Thomas led off the bottom of the seventh with a bunt base hit. Shane Robinson followed by bunting to the exact same spot on the field to the second base side of the first baseman. That gave FSU back-to-back singles putting two on with nobody away. That hit brought UNC reliever Adam Kalkhof into the game and UNC immediately got a big out when Thomas was picked off second. It turned out to be a huge play as Malone singled following the pickoff, which would have given FSU another run. Instead it put runners on the corners with one away. The Seminoles lost another run when a Chapman singled to left field. Robinson had to hold up in case the ball was caught and he was then thrown out at the plate trying to score. New UNC hurler Jonathan Hovis hit Aaron Cheesman to load the bases but came back and ended the threat on a strikeout looking. Florida State recorded four straight hits to open the inning and put the first five batters on base but did not get a run on the board.
"That was an inning you like to forget," said Martin. "I went to (Associate Head Coach) Jamey (Shouppe) and said we got four straight base hits and Cheesman got hit and we don't have anybody in and there are two outs with a man on first and second. It was just one of those innings."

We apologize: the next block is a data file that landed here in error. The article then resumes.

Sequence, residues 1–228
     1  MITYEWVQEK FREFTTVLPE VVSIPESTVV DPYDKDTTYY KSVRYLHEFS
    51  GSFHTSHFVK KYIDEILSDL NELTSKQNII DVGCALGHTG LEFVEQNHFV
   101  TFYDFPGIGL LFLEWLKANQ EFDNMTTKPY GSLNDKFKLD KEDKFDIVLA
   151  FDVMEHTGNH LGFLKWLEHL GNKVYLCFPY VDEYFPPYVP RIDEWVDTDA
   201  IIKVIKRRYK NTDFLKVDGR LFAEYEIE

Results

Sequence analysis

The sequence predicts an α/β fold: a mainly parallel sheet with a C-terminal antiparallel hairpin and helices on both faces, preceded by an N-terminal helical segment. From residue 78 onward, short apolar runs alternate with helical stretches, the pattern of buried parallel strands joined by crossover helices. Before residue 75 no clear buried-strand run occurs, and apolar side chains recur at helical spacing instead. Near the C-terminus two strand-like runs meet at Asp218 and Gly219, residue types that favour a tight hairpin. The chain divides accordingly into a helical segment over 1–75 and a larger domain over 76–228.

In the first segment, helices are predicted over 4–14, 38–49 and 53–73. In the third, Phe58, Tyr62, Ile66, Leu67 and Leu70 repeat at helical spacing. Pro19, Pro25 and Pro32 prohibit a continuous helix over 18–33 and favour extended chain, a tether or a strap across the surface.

Chambliss came in the ninth and an error put the potential tying run on. A sac and a ground out moved the runner to third with FSU needing just one out to pick up his 15th save. It looked like Chambliss had the save when he struck out the final batter of the game but the ball got away from Cheesman and the throw hit him when FSU tried to complete the strikeout. The error allowed the tying run to come home.
Chambliss held the Heels at bay over the next three innings setting the stage for the walk-off win. Danford walked the lead-off batter and then hit Chapman bringing Cheesman to the plate. The senior then laid down the sac bunt that won the game.
Mark Sauls (6-1, 3.63) will be on the mound for FSU tomorrow. Live video broadcasts will be available for all ACC Tournament games that are not televised along with Steve Melewski's live radio broadcast available on WFLA locally and on the Internet at seminoles.com.